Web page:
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I read Effective Java, and there written

If a class cannot be made immutable, limit its mutability as much as possible...


...make every field final unless there is a compelling reason to make it nonfinal.

So need I always make all my POJO(for example simple Bookclass with ID, Title and Author fields) classes immutable? And when I want to change state of my object(for example user change it in table where represented many Books), instead of setters use method like this:

public Book changeAuthor(String author) {
   return new Book(this.id, this.title, author);  //Book constructor is private

But I thing is really not good idea..

Please, explain me when to make class immutable.

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What is the question? – Mark Jul 29 '12 at 10:41
up vote 6 down vote accepted

No, you don't need always to make your POJO immutable. Like you said, sometimes it can be a bad idea. If you object has attributes that will change over the time, a setter is the most comfortable way to do it.

But you should consider to make your object immutable. It will help you to find errors, to program more clearly and to deal with concurrency.

But I think you quoting say everything:

If a class cannot be made immutable, limit its mutability as much as possible...


...make every field final unless there is a compelling reason to make it nonfinal.

That's what you should do. Unless it's not possible, because you have a setter. But then be aware of concurrency.

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+1 Sometimes a field has to be mutable or immutable, when it can be either, try to make it immutable. e.g. make fields final when you can. – Peter Lawrey Jul 29 '12 at 10:50

1. A POJO is one which has private Instance Variables with Getter and Setter methods.

2. And Classes like String class, which needs a constant behavior/implementation at all time needs to be final, not the one which needs to change with time.

3. For making a class immutable, final is not only the solution, One can have private Instance variables, with only Getter methods. And their state being set into the Constructor.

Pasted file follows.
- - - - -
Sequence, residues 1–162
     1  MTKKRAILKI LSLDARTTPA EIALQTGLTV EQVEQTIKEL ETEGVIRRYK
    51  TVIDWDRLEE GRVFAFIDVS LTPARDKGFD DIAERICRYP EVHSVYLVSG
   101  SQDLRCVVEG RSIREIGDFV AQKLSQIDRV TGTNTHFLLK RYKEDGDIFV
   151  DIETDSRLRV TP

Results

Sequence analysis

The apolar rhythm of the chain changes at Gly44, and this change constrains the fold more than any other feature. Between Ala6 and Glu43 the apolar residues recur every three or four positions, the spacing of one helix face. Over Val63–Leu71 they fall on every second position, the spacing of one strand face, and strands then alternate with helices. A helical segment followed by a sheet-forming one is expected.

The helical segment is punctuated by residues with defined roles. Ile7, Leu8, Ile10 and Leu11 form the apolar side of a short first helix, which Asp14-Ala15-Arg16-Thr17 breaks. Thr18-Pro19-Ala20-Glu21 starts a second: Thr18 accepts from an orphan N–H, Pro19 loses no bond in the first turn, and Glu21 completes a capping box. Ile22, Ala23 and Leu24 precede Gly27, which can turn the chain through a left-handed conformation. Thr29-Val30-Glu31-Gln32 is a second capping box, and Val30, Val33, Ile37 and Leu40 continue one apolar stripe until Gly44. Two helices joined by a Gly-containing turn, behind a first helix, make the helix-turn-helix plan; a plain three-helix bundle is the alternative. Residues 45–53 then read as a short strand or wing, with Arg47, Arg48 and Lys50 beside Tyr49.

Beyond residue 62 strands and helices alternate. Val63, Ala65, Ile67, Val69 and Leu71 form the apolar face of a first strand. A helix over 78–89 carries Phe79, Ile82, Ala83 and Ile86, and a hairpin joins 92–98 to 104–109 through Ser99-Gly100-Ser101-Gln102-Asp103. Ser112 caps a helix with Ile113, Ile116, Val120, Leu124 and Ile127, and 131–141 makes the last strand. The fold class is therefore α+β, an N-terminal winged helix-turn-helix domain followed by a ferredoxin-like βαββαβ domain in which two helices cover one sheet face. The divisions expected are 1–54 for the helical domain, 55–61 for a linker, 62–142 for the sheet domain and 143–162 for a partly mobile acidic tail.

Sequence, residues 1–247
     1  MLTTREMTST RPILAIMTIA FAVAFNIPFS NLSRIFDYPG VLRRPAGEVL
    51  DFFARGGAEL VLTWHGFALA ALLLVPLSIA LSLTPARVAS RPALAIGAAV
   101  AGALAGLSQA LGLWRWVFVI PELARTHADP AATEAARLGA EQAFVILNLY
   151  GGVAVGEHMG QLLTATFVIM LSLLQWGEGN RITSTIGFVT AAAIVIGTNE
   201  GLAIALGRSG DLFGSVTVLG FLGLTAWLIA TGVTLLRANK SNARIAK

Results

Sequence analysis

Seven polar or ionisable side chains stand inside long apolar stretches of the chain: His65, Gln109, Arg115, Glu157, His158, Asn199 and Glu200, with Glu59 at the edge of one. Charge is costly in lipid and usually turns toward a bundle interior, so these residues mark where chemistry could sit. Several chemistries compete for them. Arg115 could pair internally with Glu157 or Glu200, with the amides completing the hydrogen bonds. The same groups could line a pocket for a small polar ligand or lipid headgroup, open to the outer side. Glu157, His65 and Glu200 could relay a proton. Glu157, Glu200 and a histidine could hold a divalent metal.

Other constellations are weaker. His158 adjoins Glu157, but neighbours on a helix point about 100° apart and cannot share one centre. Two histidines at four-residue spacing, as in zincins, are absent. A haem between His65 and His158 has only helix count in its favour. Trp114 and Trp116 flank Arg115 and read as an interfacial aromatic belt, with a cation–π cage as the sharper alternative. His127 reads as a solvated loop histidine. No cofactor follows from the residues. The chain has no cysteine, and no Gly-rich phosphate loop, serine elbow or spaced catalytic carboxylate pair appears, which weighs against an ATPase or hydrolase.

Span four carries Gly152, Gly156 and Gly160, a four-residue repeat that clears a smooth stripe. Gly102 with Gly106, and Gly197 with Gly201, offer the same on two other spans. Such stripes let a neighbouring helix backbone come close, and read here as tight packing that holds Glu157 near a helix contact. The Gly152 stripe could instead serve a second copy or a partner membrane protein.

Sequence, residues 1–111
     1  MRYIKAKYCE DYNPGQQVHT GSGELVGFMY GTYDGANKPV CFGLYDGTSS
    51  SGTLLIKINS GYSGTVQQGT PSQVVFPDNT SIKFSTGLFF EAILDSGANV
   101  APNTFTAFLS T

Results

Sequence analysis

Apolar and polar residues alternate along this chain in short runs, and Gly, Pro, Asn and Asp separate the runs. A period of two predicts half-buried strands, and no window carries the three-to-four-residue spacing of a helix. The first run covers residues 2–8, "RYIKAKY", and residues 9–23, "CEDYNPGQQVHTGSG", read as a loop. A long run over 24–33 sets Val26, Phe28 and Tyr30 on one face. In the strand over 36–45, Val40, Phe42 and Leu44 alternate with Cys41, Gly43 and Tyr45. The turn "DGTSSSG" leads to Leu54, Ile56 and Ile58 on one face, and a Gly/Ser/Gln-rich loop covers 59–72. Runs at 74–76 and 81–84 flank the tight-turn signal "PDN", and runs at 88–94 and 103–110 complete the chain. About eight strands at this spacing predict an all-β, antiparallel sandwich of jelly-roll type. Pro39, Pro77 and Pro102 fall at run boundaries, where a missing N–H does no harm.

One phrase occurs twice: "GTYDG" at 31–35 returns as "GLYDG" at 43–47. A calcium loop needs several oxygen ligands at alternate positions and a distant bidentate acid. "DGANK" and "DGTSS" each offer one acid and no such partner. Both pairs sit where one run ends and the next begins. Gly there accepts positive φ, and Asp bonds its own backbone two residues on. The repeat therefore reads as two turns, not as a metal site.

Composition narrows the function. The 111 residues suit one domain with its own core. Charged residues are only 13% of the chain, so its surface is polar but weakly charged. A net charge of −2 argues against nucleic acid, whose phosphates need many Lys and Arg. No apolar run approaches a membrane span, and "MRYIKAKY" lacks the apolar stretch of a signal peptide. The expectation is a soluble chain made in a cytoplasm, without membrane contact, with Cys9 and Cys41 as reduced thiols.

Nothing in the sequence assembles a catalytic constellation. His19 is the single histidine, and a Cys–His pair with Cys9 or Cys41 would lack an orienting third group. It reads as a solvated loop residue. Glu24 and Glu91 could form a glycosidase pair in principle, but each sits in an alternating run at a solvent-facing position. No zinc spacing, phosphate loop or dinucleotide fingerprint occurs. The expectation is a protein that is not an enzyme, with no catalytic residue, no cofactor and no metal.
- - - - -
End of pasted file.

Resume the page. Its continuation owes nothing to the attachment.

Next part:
4. Now depending on your coding decision, try to rectify which fields needs to be constant throughout the program, if you feel that certain fields are to be immutable, make them final.

5. JVM uses a mechanism called Constant folding for pre-calculating the constant values.

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I think you're conflating POJO with Bean. A POJO doesn't necessarily have Getters and Setters. A Bean may or may not be a POJO, a POJO may or may not be a Bean. Source: en.wikipedia.org/wiki/Plain_Old_Java_Object – Grundlefleck Jul 29 '12 at 14:00
@Grundlefleck well i reviewed the link you have mentioned, and i found this.. The definition of the POJO can be as follows: public class MyBean { private String someProperty; public String getSomeProperty() { return someProperty; } public void setSomeProperty(String someProperty) { this.someProperty = someProperty; } } So its the private variable with getter and setter, fine...from javaranch.com i found this Java Bean and POJO are more or less same. POJO are Plain Old Java Objects, also known as entity class. Java Beans are again the same only – Kumar Vivek Mitra Jul 29 '12 at 14:08
That is in the context describing an example of a specific type of POJO, a Bean. The definition a POJO is a Java object not bound by any restriction other than those forced by the Java Language Specification is probably most concise and accurate. For me, at least, that would include structural restrictions (public methods prefixed with {get|set}) as restricted to by the Bean spec. – Grundlefleck Jul 29 '12 at 14:17
Java doesnt force you to use one of the Encapsulation funda of private var, and getter/setter... its just the proper way to do it.. Now, as you said its specific type Pojo, but still its a pojo..... – Kumar Vivek Mitra Jul 29 '12 at 14:21
that's fine, a Bean can be a POJO. but I don't agree it's correct that a POJO must have private instance variables with Getters and Setters. – Grundlefleck Jul 29 '12 at 14:56

In OOP world we have state. State it's all properties in your object. Return new object when you change state of your object guaranties that your application will work correctly in concurrent environment without specific things (synchronized, locks, atomics, etc.). But you always create new object.

Imagine that your object contains 100 properties, or to be real some collection with 100 elements. To follow the idea of immutability you need copy this collection as well. It's great memory overhead, perhaps it handled by GC. In most situation it's better to manually handle state of object than make object immutable. In some hard cases better to return copy if concurrent problems very hard. It depends on task. No silver bullet.

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